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SUMMARY: if you want the real quick version.
if i repeat myself, it's been a long day and
i'm not going to edit this any more.
RATIONALE, HISTORY & DESCRIPTION:
started in solid clay as a project to see how
clay can be improved. it has been some kind of
tree farm, left bare or roughly planted and
weeded, but not formally kept after much at all.
the area is roughly rectangular and about 7m x
20m. it gets full sun most of the day. the
north and east edges are bordered by some bushes
and ditches that run all year.
as a garden/field it provides: snake, frog and
toad habitat, bee and butterfly food, worm food for
the bins, green manure for the gardens and overall
decorative appeal from the flowers and greens. the
icing is erosion control (i snuck that in there :) ).
it is now about the end of the first year since
it was replanted.
it was planted with alfalfa and birdsfoot trefoil
in a spiral pattern. the width of the stripes was
about 50cm (more on this later) and a pathway was
to prepare the area i first knocked it back
with glyphosate. there was a lot of sow thistle
running through it and i also wanted the grasses
out of there. i took advantage of having the
whole area back to bare dirt to also level it out
and eliminate a gully that was forming. i did
till it, but it was so dry the soil was like a
brick and the worms were either dead or down deep.
i haven't used any more glyphosate on this patch
since then (even though i wanted to at one point
this spring when it looked to be getting overrun
by mouse-eared chickweed -- i'm glad i didn't it
looks beautiful now :) ). instead i spent a fair
amount of time going through the west and south
edges by hand pulling up the chickweed. the spiral
pathway became the place to pile the weeds. i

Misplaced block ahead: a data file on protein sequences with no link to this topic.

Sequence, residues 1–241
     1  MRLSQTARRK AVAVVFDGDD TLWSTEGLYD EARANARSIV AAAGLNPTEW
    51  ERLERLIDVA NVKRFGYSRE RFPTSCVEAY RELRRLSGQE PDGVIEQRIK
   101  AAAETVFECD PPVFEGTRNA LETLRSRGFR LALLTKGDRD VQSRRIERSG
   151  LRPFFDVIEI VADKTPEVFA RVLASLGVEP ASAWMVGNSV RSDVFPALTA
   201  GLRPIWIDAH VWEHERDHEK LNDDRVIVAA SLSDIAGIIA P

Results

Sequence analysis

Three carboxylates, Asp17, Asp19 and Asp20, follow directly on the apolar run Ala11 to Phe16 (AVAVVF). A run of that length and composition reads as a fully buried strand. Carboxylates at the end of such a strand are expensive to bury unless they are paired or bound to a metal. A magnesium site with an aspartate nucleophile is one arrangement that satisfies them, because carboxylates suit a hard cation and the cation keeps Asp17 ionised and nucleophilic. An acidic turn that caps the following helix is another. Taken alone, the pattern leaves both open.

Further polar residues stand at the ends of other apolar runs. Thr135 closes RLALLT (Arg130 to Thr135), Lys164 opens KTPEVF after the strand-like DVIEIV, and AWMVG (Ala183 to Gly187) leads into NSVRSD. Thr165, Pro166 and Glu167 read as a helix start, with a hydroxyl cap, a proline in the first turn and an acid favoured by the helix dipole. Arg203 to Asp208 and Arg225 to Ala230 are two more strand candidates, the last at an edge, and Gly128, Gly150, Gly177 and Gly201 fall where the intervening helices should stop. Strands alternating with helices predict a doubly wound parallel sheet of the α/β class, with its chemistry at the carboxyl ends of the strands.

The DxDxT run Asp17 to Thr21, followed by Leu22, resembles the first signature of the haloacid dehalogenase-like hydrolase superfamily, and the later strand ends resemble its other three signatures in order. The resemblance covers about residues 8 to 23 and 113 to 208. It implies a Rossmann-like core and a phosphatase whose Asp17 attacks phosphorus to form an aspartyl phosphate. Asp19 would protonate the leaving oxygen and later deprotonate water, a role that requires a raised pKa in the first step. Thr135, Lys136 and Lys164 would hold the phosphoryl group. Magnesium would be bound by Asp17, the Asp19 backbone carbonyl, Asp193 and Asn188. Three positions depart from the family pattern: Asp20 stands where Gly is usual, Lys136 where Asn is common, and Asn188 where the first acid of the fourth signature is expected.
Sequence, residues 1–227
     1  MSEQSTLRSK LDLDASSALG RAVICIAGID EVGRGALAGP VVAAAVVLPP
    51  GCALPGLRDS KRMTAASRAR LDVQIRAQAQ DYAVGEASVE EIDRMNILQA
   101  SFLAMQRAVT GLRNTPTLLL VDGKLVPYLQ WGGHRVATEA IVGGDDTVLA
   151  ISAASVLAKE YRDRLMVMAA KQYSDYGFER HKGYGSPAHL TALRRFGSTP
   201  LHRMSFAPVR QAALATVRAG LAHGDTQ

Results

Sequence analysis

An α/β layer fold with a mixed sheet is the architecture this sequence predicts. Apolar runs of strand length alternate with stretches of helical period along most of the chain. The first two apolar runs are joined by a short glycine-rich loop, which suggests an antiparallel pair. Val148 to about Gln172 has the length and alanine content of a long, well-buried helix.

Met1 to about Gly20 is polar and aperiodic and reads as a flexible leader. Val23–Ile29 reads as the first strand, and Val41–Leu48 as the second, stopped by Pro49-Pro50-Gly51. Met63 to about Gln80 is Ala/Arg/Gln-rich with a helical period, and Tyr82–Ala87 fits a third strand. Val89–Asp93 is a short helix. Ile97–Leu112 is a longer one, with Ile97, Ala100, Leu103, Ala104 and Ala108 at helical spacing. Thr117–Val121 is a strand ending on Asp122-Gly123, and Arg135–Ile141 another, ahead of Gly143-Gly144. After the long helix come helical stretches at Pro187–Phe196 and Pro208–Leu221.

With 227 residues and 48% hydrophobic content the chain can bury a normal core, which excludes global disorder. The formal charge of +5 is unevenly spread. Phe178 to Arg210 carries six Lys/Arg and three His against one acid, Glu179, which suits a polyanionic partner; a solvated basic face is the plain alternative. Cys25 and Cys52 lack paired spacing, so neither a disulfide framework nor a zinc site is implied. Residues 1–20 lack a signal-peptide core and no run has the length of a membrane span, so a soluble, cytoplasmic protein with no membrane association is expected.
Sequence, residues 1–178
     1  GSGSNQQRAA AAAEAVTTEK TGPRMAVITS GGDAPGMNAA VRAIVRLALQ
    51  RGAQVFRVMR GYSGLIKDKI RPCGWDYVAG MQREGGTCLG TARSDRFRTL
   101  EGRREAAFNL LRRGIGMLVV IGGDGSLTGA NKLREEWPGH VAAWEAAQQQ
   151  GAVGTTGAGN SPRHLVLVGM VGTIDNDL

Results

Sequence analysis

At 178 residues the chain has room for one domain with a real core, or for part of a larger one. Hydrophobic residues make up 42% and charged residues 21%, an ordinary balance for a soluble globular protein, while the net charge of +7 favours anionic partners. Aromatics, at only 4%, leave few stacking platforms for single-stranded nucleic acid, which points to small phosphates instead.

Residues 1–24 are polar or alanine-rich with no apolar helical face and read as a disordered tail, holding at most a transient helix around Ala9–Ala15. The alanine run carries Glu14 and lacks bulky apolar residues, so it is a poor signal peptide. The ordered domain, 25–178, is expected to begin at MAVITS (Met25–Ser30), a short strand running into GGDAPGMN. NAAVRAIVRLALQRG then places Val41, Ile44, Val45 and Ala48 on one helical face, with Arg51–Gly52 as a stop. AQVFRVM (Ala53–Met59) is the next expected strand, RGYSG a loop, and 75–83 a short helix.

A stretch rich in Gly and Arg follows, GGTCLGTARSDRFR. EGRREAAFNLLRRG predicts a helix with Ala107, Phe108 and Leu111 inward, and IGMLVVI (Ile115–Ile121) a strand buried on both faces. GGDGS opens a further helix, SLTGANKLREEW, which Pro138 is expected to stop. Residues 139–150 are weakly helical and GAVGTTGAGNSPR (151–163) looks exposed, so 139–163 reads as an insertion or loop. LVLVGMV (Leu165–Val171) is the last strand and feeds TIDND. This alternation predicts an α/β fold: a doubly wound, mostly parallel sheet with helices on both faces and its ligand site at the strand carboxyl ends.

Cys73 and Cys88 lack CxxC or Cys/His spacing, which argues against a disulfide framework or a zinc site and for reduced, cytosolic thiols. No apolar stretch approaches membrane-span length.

wanted to be able to scrape or dig up anything
that grew again without damaging the rest of the
garden, that aspect worked out ok. as the patch
gets nicer and i have to weed less the pathway
is filling in with plants from the seeds that are
being dropped. there will be a lot more sprouts
from some weed seeds i'll have to keep after
in the pathway, but i'll take that work in trade
for the hundreds of pounds of weeds that were
piled there. i'm hoping a lot of the weed seeds
were eaten by worms, but as of yet i have not found
any literature or studies on the topic (i haven't
had much time to look yet either, that's likely
to be a winter item).
ok, so back to today, finally i could get out there
and do some nosing about and see how the soil was
changing. in areas like the pathway (where i was
stacking weeds to dry and rot for the worms) the soil
was doing very well. the top few cm were showing signs
of improvement. it was darker and easier to get a rake
through and there were even worms about (we've had rain
in other spots that were more bare it was hard to
get the rake in the soil at all. i broke the surface a
little with the rake and reseeded with trefoil to get
them covered again. one nice thing about working
in clay and plants that have a good tap root is that
you can rake it pretty deeply to get a lot of the
small weeds and sprouts and still leave the desireable
plants in place.
a few weeks ago i'd chopped the whole patch back to
simulate it being grazed and scattered most of the
trimmings back on the surface. queen anne's lace was
getting ready to set seed and Ma had done me a favor